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    Yeah I'm not going in thinking I'm going to save money, just have the few flies I really want.
    Also my 5 year old has shown interest in fly tying, so I might get her going in it too.
     
  6. Steve Kokita

    Steve Kokita FISHON206

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    Hi Mark, take a look at Cabela's Super II vise, at $19.95 it rotates and holds hooks...what more do we need? I've been tying flies for 48 years now and have been using this vise for 26 years now! Unless you won the lottery or have a killer fly tying room, save your money for rods and reels! The fish don't care what kind of vise you tie with! I'm in Burien, you can check out my vise if you want.---Steve
     
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  7. ScottP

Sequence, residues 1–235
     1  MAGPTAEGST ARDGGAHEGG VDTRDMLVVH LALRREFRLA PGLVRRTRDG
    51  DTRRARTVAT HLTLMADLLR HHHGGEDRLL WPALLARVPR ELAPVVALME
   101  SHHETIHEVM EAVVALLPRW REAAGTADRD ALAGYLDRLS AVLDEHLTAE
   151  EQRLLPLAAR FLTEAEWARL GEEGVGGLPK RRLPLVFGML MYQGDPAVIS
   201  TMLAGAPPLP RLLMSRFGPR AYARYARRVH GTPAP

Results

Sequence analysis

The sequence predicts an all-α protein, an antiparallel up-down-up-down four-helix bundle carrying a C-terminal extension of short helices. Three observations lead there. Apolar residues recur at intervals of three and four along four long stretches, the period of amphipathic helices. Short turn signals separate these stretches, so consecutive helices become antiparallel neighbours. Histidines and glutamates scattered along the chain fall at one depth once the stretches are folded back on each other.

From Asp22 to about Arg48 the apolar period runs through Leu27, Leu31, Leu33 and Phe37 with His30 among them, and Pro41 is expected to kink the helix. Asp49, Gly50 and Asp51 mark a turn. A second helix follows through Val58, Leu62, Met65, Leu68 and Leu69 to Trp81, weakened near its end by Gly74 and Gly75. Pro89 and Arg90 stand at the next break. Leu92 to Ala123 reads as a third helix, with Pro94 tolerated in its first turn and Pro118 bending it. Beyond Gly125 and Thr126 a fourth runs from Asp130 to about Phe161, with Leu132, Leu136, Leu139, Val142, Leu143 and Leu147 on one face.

ScottP Active Member

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    First 2 are pretty good starter flies; CJ's a bit more involved but even ugly ones catch fish (that applies to just about any fly). Don't know that I'd come out of the chute green tying Stimis but if you stick to the proportions & amount of material you could swing it; check Charlie Craven's site http://www.charliesflyboxinc.com/flybox/ for the best tutorials on all of those flies.

    Regards,
    Scott

    ps - if you're looking for a recommendation on hooks, I like Dai Riki; good quality and decent price. Lots of places on-line sell them.
     
  8. Josh

    Josh dead in the water